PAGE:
This week, people across the globe are dusting off their pranking shoes and plotting which practical jokes they’ll attempt to pull on their friends and families for April Fools’ Day. From good-humored gags to elaborate hijinks, there’s no shortage of fun to be had on the year’s unofficial day of tomfoolery . . . but where did it all start?
Turns out, no one’s quite sure!
According to a Time article, countless cultures around the world have celebrated a version of April Fools’ Day since antiquity, yet historians remain locked in heated debate about when and where—not to mention why—April 1 became recognized as a day of international funny business.
Some trace its origins to the Greco-Roman Hilaria festival, which celebrated the first day following the Julian calendar’s vernal equinox with parades, masquerades and jokes.
Others think the answer lies in after the Christian world transitioned from the Julian calendar to the Gregorian calendar, which moved the date of New Year’s Eve to January instead of early spring, and made “fools” of the uninformed folks who continued to celebrate the new year on the wrong day.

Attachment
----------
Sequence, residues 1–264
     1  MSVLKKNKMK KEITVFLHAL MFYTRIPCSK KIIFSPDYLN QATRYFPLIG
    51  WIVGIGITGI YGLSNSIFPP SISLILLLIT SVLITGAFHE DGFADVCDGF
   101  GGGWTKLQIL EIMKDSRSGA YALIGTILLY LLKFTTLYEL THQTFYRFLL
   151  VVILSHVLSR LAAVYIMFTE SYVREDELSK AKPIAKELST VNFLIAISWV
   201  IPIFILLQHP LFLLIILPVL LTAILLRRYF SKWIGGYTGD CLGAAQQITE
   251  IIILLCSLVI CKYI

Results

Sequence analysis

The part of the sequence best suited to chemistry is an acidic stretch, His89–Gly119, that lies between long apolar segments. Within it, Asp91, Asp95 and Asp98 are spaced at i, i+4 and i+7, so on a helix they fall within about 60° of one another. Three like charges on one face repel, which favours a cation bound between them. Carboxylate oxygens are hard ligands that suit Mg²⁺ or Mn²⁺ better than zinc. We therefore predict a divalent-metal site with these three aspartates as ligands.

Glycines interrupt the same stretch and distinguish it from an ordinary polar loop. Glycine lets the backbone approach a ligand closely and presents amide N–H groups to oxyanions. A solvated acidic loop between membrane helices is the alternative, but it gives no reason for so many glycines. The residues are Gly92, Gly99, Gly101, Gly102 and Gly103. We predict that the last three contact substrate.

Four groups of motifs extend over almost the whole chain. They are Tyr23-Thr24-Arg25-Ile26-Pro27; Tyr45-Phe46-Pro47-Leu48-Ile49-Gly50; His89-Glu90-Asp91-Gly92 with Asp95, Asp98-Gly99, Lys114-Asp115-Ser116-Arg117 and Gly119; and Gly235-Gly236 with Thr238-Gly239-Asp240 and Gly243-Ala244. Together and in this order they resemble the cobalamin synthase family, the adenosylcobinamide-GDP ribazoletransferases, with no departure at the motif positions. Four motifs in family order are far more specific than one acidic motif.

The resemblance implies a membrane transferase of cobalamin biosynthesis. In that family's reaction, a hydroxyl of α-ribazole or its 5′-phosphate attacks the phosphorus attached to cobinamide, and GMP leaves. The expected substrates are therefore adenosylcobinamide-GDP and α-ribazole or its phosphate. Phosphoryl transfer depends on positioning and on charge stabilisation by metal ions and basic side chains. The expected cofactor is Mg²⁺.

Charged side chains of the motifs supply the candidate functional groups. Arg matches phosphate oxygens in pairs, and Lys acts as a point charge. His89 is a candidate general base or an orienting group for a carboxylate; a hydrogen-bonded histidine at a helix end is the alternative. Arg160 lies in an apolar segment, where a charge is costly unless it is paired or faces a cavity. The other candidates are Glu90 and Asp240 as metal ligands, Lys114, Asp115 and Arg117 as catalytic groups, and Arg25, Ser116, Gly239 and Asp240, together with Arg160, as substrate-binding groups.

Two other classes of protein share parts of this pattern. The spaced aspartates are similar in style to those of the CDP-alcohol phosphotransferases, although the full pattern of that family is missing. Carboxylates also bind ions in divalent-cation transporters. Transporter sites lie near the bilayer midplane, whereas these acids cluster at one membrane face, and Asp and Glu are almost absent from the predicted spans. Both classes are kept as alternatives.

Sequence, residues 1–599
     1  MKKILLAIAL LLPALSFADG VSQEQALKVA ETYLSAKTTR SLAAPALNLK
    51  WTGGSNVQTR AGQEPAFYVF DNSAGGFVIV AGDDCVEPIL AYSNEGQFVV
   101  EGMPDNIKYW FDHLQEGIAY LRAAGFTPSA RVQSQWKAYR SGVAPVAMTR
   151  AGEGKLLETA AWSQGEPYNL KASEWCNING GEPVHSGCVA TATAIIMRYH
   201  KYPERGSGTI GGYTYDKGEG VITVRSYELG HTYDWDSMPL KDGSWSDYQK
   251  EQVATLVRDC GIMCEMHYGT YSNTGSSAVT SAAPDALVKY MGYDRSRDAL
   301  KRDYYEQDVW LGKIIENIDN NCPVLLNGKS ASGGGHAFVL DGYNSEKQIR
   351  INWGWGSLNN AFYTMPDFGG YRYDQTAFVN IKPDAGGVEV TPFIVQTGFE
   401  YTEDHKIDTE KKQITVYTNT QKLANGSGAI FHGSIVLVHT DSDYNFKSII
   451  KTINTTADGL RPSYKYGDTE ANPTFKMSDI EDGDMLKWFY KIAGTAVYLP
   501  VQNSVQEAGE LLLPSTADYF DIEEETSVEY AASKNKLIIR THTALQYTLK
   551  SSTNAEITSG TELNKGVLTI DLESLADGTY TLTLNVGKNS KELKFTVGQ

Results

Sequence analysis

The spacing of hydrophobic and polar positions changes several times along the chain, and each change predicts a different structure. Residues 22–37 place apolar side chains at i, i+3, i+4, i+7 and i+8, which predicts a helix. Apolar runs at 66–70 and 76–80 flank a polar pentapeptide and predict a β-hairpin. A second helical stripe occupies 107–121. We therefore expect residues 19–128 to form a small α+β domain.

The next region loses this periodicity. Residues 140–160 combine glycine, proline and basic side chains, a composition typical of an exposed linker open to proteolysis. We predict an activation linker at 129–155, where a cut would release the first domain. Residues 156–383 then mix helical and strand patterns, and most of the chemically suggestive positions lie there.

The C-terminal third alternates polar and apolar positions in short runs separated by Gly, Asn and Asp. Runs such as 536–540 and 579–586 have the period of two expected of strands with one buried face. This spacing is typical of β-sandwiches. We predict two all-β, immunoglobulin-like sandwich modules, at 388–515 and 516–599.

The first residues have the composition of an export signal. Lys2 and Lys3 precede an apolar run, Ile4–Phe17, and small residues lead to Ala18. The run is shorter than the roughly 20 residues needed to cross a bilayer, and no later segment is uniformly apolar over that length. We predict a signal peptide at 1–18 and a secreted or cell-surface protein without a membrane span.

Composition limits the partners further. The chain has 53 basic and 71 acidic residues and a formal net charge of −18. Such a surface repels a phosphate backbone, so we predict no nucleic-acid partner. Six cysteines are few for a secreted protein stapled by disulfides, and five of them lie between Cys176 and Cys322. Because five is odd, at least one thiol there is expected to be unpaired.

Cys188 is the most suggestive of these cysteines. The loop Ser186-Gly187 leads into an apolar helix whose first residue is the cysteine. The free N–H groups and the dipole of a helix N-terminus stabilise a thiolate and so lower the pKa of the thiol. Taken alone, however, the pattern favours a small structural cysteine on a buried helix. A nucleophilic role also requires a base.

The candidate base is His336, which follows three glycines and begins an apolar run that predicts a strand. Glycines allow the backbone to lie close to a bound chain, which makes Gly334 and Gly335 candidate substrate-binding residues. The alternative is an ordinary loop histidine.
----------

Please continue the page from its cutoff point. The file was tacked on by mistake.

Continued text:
Though hotly contested, one theory even points to Geoffrey Chaucer’s The Canterbury Tales as predicting April 1 (alluded to in the text as March 32) as a day of trickery, as it is when the character Chauntecleer is outsmarted by a fox. However, most scholars seem to be in agreement that the March 32 reference was most likely the medieval version of a typo, and warn of its extreme unlikelihood as the origin of early-April antics.
Maybe April Fools’ Day can’t claim one creation story for certain, but we at PSG think the beginning of spring is an excellent time to celebrate light-hearted hilarity. Bring on the friendly fooling!